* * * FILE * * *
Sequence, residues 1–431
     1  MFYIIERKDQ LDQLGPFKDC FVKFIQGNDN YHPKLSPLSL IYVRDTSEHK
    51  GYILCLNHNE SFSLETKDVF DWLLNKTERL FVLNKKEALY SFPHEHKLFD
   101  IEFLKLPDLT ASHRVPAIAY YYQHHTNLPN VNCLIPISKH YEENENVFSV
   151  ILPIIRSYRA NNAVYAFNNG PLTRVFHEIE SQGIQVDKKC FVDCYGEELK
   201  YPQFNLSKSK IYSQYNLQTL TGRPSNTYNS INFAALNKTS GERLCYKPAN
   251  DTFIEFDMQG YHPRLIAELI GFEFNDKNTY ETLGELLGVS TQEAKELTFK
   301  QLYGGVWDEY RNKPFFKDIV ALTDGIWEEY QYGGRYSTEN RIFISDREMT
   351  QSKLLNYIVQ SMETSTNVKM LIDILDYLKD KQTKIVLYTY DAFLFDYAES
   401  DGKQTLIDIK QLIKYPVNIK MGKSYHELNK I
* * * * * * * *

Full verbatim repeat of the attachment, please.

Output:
Sequence, residues 1–431
     1  MFYIIERKDQ LDQLGPFKDC FVKFIQGNDN YHPKLSPLSL IYVRDTSEHK
    51  GYILCLNHNE SFSLETKDVF DWLLNKTERL FVLNKKEALY SFPHEHKLFD
   101  IEFLKLPDLT ASHRVPAIAY YYQHHTNLPN VNCLIPISKH YEENENVFSV
   151  ILPIIRSYRA NNAVYAFNNG PLTRVFHEIE SQGIQVDKKC FVDCYGEELK
   201  YPQFNLSKSK IYSQYNLQTL TGRPSNTYNS INFAALNKTS GERLCYKPAN
   251  DTFIEFDMQG YHPRLIAELI GFEFNDKNTY ETLGELLGVS TQEAKELTFK
   301  QLYGGVWDEY RNKPFFKDIV ALTDGIWEEY QYGGRYSTEN RIFISDREMT
   351  QSKLLNYIVQ SMETSTNVKM LIDILDYLKD KQTKIVLYTY DAFLFDYAES
   401  DGKQTLIDIK QLIKYPVNIK MGKSYHELNK I